Ever wonder what it is that holds people in poverty? Although never expressed in polite company, there is an undercurrent in many circles that the poor are victims of their genes. There isn’t a word for it, like racism or sexism, but the mindset still exists.

Here’s the real skinny: poverty, like wealth, is usually inherited. Poverty is primarily the result of competition from other human beings. People like you and me took their jobs. It is also a matter of statistics and energy. A street orphan in Bangladesh has essentially zero chance of becoming CEO of Boeing, no matter how hard he or she tries.

How do you suppose President Bush, a man who rarely reads and can hardly string a grammatically correct sentence together, became president of the most powerful nation on Earth? He was not only accepted into Yale (SAT scores: 566 verbal and 640 math), but managed to graduate as well. He later attended AA, and with the help of a higher power managed to kick the drinking habit he had developed while at Yale. The best analogy I can come up with is a ten-mile race (having been a long distance runner for most of my life, I prefer footrace analogies to football analogies). Dubya started life’s race two feet from the finish line and staggered over it. Others started in a huge pack at the starting line. Arrayed before them, somewhere between the starting line and the finish line, were people born to wealthier parents.

There are only so many jobs, and some jobs are much better than others. The paradox of improving education is that if the number of coveted jobs remains fixed relative to the number of people seeking them, statistically speaking, improving education will not result in more people getting those coveted jobs. Individuals with social advantages of one kind or another will continue to get the best jobs.

Wealth and status gradients exist in virtually all complex societies. All social experiments to eliminate these gradients have proven to be horrific failures (communism). Like the temperature gradient that is necessary for the functioning of any heat engine, status gradients appear to be necessary for proper functioning of human societies. Societies should work to minimize the slope of that gradient, with government serving as a throttle for the excesses of free markets (providing things like a high minimum wage and high-quality public services). The key is to strike a balance lest the free market engine stall, creating mayhem. Restarting stopped engines can be difficult — witness Russia today. Poverty can be minimized, even eliminated for the most part (depending on the definition), but social inequality cannot.

Let me revisit that suspected genetic link to poverty. Paris Hilton is a well-known example of a child of wealthy parents. Brilliant, innovative, motivated, and creative, she is not. Her children will probably be even less so. The pattern often goes something like this: wealth builds in a given generation, then peters out with succeeding generations. In the meantime, new wealth comes into being through other genetic lines, and the cycle repeats itself as that wealth is passed on to succeeding generations of descendants.

I am in the unique position of having one foot in both worlds. Although I was raised in poverty, my children are in private school and I often find myself hobnobbing with some of the wealthiest people in Seattle. What I have discovered is that they are just regular people (with a hell of a lot of money). They are not any more or any less talented than the general population. Wealth begets wealth. It is not particularly difficult, given a little time and effort, to parley $200,000 into a million dollars. It is impossible to do the same with $200. If one’s father is a physician, and you, as his child, attended the same Ivy League College, your odds, given acceptable grades, of getting into medical school are very high. Another person, from a middle class family, with acceptable grades in a no-name public college, is just another grain in a big bowl of chaff.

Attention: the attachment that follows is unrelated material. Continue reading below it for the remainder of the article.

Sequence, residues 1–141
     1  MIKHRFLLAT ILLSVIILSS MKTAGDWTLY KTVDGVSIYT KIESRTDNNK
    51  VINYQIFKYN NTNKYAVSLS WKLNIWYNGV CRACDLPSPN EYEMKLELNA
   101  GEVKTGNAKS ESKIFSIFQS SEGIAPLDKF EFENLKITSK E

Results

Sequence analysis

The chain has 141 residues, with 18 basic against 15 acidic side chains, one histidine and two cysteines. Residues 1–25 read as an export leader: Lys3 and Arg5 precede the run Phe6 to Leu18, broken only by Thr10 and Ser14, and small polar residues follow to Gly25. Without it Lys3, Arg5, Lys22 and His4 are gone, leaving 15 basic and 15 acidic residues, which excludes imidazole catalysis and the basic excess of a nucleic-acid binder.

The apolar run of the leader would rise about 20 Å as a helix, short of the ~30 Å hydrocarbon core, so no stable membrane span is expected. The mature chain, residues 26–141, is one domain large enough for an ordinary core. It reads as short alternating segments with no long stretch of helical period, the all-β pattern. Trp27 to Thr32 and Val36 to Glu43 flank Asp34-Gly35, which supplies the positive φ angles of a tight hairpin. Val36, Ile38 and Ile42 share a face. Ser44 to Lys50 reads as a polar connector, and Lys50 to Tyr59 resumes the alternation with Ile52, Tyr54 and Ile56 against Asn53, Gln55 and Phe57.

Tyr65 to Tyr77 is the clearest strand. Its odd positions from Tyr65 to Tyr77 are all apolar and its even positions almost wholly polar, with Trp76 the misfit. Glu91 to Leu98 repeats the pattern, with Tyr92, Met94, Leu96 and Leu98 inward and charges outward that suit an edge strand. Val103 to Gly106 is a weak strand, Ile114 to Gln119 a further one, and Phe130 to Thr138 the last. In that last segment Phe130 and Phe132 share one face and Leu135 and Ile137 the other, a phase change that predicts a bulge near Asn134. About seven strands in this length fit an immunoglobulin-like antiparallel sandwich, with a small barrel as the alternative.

Wealth also creates leisure. Many of the great thinkers through history were wealthy. One might conclude that thinkers become wealthy, but the opposite is often true. Wealth provides those with a proclivity to do so the freedom to think. Darwin had lots of free time to contemplate his belly button. If Darwin had not been born into wealth, the theory of evolution would have taken longer to get here (and Wallace would be famous today). Of course, the vast majority of wealthy people spend most of their time thinking about status, money, and leisure, but just imagine what could be accomplished if the combinatorial power of 6.5 billion minds could be set free to think about the world’s problems.

A quick peek into the educational backgrounds of the Grist staff and some of the recent contributors on poverty revealed pretty much what I had expected to see: bright people in little danger of going homeless, striving to do good. Here is the list of private colleges they have been affiliated with, along with the annual cost of attendance:

Brown University, $45,000
Carleton, $44,000
Dartmouth College, $41,000
New York University, $45,000
Oxford, $50,000
Occidental College, $45,000
Trinity College, $43,000.
Whitman College, $37,000

Except on rare occasions (Bush), acceptance to schools like these is a badge of honor. Financial aid exists for people who qualify for them, but statistically speaking, this is a list of schools filled with the children of America’s upper middle class.

So then, how does one break out of the poverty trap? There are basically two ways: winning some kind of lottery, or through tremendous effort with some luck thrown in. President Clinton is an example of how it can be done. How much effort it takes depends a lot on your society and how much it facilitates (tolerates) upward mobility.